You can get I/O metrics with the “docker stats” command. And you can get disk usage metrics with the “docker system df” and get more detailed information by adding the “-v” flag. Controlling the disk usage in the host is crucial to avoid problems when pulling new container images. Images could be huge, which is why you might need to run a clean-up process to remove old images. Logs written to the disk is another reason why disk usage increases. So “log rotation” is a good practice you still need to implement with containers.
Even though containers are stateless by default, other applications are stateful like a database. For stateful applications, you’ll use volumes. A volume is how you map a folder or driver inside the container with another path or driver in the host. You could create volumes in the host before assigning them to a container.
Disks become a shared resource that could affect containers’ and the host’s performance.
4. Network Traffic
As you’ve seen with the previous metrics, the same type of metrics that are important in a virtual or physical server are still crucial for containers. So networking traffic can’t be missed when discussing the top metrics for containers. You could get networking traffic with the “docker stats” command to know the amount of data a container has sent or received.
Knowing how much traffic is happening in a container could be a clue whether the host for a container is appropriate or not. Maybe the container needs to be running in a host that has better network performance. Or perhaps you need to scale out the containers. I’ve seen cases where specific applications, memory, and CPU were OK but the application’s performance was still poor.
When taking a look at the networking metrics, I’ve found some interesting information. Sometimes, the network traffic was low, and it was because of a misconfiguration in the load balancer. Other times, the applications in the container weren’t able to use enough network bandwidth.
My point here is that there were times where I wasn’t able to spot problems (for example because of a host type or a bug in the application) with memory or CPU metrics, but I was able to with network metrics.
5. Number of Containers Running
To run containers at scale, you need to use a container orchestrator like Kubernetes or Swarm. There are going to be times when the orchestrator won’t be able to schedule more containers because there are no more resources available. To fix this, you could use the number of containers that are running to scale out the host.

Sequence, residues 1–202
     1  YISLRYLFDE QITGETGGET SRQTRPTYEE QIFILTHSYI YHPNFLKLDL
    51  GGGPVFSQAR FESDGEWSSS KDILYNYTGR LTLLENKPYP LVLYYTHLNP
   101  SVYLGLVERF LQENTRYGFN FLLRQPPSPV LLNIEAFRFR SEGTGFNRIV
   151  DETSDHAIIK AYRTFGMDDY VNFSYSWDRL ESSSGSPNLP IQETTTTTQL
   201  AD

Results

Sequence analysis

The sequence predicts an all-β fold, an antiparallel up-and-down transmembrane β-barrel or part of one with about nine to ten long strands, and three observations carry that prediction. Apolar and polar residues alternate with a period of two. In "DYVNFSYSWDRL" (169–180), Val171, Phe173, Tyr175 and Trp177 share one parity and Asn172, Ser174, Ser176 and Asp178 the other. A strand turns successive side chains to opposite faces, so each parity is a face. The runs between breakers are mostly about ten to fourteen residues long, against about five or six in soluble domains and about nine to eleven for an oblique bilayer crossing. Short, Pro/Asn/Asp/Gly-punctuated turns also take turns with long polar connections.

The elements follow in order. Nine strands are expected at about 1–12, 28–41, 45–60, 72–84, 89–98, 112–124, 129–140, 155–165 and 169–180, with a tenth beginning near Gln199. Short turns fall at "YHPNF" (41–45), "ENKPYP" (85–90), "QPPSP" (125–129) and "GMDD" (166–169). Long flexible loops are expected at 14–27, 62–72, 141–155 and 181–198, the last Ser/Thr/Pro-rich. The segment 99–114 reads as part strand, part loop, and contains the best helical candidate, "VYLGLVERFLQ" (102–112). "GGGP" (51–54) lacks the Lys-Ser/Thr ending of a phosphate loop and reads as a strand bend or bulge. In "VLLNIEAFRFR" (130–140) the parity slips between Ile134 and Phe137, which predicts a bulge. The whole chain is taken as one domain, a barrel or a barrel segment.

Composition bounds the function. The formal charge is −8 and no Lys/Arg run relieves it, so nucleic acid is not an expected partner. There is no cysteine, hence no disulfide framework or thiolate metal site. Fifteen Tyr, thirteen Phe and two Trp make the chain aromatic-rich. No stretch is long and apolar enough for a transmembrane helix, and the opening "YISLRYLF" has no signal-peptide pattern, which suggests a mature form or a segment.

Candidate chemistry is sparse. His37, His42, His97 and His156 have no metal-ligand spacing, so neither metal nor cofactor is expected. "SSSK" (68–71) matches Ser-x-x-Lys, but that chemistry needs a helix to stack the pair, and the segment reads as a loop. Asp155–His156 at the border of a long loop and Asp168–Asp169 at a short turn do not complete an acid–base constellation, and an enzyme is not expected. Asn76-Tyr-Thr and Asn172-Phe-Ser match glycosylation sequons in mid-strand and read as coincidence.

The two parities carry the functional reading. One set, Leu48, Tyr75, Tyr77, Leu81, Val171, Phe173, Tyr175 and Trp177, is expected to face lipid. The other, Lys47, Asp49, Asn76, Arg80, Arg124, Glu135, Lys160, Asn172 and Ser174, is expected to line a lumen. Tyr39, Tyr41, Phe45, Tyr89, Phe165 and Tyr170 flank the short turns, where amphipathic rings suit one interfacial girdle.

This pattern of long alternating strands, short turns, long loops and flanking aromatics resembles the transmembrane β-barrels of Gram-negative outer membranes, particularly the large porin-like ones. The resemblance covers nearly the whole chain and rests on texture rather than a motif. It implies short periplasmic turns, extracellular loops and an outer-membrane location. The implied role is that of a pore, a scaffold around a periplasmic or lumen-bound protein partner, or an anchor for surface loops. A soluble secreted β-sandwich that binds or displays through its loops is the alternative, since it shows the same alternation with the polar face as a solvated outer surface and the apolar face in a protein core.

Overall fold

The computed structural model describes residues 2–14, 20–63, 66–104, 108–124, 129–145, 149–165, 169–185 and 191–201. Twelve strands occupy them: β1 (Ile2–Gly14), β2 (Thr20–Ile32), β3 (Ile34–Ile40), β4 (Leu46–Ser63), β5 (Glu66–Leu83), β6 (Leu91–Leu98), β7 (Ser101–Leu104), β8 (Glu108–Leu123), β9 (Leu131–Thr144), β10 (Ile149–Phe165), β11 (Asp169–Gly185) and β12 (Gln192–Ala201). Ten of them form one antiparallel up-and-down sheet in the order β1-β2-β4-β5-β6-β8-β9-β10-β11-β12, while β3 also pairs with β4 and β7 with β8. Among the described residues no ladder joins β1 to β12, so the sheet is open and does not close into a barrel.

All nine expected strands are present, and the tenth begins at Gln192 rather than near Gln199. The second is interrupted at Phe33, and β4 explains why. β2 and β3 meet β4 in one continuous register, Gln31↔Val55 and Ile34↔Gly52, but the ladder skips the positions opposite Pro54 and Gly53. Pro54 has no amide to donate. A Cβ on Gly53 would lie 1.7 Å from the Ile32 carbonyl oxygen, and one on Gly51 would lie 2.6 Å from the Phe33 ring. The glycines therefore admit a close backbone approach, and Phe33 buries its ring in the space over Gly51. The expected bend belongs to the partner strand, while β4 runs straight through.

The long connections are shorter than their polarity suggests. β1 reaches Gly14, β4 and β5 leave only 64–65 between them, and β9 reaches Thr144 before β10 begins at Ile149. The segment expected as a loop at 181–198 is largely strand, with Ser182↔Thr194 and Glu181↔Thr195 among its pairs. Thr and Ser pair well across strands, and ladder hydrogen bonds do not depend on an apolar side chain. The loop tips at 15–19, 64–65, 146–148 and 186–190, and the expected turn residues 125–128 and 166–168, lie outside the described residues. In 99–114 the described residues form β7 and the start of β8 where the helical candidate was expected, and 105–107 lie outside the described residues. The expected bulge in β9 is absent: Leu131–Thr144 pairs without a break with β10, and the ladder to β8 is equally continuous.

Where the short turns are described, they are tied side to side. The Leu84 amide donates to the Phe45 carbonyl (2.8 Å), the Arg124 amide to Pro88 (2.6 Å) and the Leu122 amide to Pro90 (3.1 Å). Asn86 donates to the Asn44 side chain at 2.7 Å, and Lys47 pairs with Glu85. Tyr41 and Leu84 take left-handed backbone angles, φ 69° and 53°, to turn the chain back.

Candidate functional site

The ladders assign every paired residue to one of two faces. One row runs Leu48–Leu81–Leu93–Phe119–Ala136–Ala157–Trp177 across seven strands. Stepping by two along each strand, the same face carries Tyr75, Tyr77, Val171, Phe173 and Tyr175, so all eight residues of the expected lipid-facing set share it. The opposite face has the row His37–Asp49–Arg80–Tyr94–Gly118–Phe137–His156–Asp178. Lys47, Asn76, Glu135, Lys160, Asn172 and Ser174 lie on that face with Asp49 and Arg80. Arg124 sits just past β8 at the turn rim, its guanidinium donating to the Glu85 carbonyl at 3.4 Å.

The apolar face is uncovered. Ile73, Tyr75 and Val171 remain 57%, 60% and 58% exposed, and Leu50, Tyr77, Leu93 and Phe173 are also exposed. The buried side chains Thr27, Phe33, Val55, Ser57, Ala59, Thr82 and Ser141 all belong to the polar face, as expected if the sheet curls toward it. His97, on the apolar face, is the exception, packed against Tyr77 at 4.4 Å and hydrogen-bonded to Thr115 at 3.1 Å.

I noticed the importance of this metric when a friend used it to demonstrate that certain containers were having problems. It turns out that because of a misconfiguration, the container was running only for a period of time. Of course, the orchestrator was spinning up a new container but the application was unstable.
You can get this metric by running a “docker container is” command or by asking the orchestrator how many containers are running for an application. In Kubernetes you can get this information by listing the pods that are running or by getting the state of a deployment object.
The number of containers running is not a metric of a container per se. Sometimes you need to zoom out to get a different perspective on a problem.
Don’t Rely Only Upon Top Metrics
I didn’t give you too many details on how to collect these types of metrics for containers. The reason for that is that you now have a lot of tools for that job, which are available as paid services or for free. Some examples of free tools are cAdvisor, InfluxDB, Grafana, or Prometheus. These tools will give you other metrics—not just for the containers, but also for the host. So don’t rely only on the top metrics I listed here. There are going to be times when these metrics look good and maybe the host is running out of IOPS, or the memory swap is terrible, which is when alternate metrics will come in handy.
Knowing which are the top metrics for containers is just the beginning of improving the lead time. For example, you can also use these metrics when drawing the value stream mapping.
This post was written by Christian Meléndez. Christian is a technologist that started as a software developer and has more recently become a cloud architect focused on implementing continuous delivery pipelines with applications in several flavors, including .NET, Node.js, and Java, often using Docker containers.